INFORMATION ABOUT KHAJURAHO
The 9th to 12th century temples of Khajuraho is the evidences of the architectural geniuses during the times of Chandela dynasty. Situated in Madhya Pradesh, India, Khajuraho oozes with passion, eroticism, dance and music and other finesses of creative arts depicted in sculpture and images of the temples. The 85 temples were built in North Indian 'Nagara' style of architecture, though only 20 of them have survived the rough weather conditions over long years of time. The two richer distinctive groups of temples are the Western and Eastern group of temples.
Temple town of Khajuraho is much different from any other temple city of India. It is not about religion and worshipping and deities. The temples of Khajuraho are instead famous for the eroticism etched on its walls in the form of sculptures. An amalgamation of science and art of architecture, these 10th-11th century temples have a very interesting legend behind them that connects them to the origin of Chandela dynasty. It is said that in a fit of passion and lust, the Moon God seduced and ravaged a beautiful Brahmin girls known as Hemvati, resulting in the birth of Chandravarman (the founder of the Chandela dynasty). Later, Chandravarman had a dream where his mother requested him to make a temple, which would reveal all aspects of the treasure of passion and erotic fantasy to the world
The past of Khajuraho is shrouded with mystery and conjecture. In the midst of the wilderness full of ferocious animals, there is the small town of Khajuraho standing alone in its solitude with its ancient temples. With hardly any written records and rare references to its origin, the history of Khajuraho has become trapped in the mythical folklore of the region. The beautiful artwork of these temples have gained the attention of the art lovers all over the world but the real purpose behind their construction is a mere guess work of the intellectuals. The These temples fire the imagination of the visitors with innumerable questions such as their significance and their position in the society, the reason behind using these temples as an art gallery, the whereabouts of the said kingdom and why only the temples have been found and there are no ruins of the mansions and palaces in the nearby area. The graphic representation of sexual and erotic postures in a religious place is bewildering too.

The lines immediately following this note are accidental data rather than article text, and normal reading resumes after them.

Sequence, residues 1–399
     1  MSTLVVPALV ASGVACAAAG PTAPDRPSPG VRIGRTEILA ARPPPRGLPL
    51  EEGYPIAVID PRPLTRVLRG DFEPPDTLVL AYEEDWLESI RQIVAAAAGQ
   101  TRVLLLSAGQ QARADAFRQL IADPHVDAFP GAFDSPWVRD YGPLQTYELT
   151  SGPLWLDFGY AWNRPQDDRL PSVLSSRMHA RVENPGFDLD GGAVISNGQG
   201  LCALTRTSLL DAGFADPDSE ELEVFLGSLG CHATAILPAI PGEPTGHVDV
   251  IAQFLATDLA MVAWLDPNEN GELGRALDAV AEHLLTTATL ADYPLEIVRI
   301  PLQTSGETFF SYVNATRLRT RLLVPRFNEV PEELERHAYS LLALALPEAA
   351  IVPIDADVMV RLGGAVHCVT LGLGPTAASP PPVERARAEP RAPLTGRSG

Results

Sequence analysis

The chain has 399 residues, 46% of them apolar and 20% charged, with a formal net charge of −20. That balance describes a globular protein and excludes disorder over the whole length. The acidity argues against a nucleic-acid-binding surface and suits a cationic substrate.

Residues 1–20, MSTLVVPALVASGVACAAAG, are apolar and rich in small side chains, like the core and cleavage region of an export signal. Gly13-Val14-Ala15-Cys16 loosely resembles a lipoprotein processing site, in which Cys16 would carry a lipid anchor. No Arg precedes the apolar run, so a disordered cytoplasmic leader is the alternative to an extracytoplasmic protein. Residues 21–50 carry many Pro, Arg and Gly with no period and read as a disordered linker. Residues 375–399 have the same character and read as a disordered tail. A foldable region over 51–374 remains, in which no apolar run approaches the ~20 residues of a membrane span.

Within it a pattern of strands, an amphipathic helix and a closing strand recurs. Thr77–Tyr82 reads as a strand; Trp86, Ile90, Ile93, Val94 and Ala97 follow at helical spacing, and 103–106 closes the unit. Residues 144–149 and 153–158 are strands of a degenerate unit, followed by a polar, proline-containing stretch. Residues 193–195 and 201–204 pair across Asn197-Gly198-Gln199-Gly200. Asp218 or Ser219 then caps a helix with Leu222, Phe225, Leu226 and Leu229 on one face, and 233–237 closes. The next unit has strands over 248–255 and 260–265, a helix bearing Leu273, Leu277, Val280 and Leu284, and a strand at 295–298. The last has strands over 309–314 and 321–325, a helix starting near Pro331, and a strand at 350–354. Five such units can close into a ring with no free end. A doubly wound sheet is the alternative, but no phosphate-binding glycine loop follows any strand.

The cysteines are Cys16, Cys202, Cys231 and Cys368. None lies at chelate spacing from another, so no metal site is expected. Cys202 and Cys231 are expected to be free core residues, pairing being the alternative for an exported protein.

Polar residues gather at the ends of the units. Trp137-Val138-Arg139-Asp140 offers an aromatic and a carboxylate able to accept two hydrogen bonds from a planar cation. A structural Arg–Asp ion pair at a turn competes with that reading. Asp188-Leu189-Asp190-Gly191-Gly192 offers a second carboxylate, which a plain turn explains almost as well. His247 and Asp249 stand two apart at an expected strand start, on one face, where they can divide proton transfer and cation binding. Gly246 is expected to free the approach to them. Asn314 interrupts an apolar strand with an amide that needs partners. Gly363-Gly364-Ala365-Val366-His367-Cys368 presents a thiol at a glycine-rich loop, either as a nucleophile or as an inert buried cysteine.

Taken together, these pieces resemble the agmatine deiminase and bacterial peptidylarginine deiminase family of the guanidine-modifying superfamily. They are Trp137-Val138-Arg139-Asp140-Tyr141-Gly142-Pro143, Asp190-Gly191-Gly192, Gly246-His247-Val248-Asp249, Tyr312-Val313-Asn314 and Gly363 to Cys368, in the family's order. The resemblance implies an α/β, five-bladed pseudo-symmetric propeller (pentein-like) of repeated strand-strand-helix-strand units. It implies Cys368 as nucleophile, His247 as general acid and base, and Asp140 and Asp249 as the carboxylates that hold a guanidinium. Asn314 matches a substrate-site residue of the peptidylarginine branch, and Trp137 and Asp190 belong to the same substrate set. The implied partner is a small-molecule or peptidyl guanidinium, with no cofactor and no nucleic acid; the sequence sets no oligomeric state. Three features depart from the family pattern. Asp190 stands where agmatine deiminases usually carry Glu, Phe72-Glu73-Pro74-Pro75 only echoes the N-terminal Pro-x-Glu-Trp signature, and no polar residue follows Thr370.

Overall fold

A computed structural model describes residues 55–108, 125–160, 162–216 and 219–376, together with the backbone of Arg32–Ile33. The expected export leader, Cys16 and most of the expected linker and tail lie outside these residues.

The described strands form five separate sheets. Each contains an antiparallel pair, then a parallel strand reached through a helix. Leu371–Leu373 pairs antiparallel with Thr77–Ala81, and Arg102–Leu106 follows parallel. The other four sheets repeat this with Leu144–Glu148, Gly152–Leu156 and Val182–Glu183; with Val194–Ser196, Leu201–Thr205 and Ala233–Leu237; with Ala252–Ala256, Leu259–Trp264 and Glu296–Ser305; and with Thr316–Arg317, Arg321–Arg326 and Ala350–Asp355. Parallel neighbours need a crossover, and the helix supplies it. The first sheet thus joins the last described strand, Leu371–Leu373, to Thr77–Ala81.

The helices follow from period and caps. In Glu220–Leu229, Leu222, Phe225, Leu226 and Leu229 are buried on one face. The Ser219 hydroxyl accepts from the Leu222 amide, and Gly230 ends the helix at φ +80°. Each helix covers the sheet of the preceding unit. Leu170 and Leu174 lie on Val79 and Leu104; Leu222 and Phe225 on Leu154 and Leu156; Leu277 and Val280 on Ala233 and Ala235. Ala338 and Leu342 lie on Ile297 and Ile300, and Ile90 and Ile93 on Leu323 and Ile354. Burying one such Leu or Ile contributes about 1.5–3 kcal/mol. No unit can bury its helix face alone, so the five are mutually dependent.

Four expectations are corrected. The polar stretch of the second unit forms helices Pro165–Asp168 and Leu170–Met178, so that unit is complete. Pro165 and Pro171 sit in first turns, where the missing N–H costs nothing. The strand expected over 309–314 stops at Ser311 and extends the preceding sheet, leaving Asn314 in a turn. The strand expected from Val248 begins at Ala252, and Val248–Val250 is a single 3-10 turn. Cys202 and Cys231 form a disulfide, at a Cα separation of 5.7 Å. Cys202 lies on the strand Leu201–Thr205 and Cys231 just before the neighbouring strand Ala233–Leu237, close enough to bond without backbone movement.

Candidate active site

However, if the myth it is to be believed, Khajuraho was known as 'Khajur-vahika' or 'Khajjurpura' in the ancient times because of its golden date palms (known as 'khajur') that lined the gates of this city. It has been mentioned in the Mahoba-khand of Chandbardai's (the famous medieval court poet) 'Prithviraj Raso' that Hemraj, the royal priest of Kashi (the old name for Varanasi), had an exceptionally beautiful daughter named Hemvati, who was unfortunately a child widow. One summer night, while she was bathing in a lotus-filled pond, the Moon God was so dazed by her beauty that he descended to earth in human form full of lust and passion and ravished her. Later, he repented when the distressed Hemvati threatened to curse him for ruining her honor and dignity and blessed her with a valiant son who would later become a king and build the temples of Khajuraho. Hemvati left her home and gave birth to a brave and strong boy child in the tiny village of Khajjurpura. The child was named Chandravarman and it is said that by the time he was 16 years old, the glorious boy was strong and skilled enough to kill tigers or lions with his bare hands. With the blessings of the Moon God, his father he became a mighty king and built the fortress at Kalinjar. Then heeding to his mother's wishes he built 85 legendary temples surrounded by lakes and gardens at Khajuraho and also performed the bhandya yagya, to wash away the sins of his mother.
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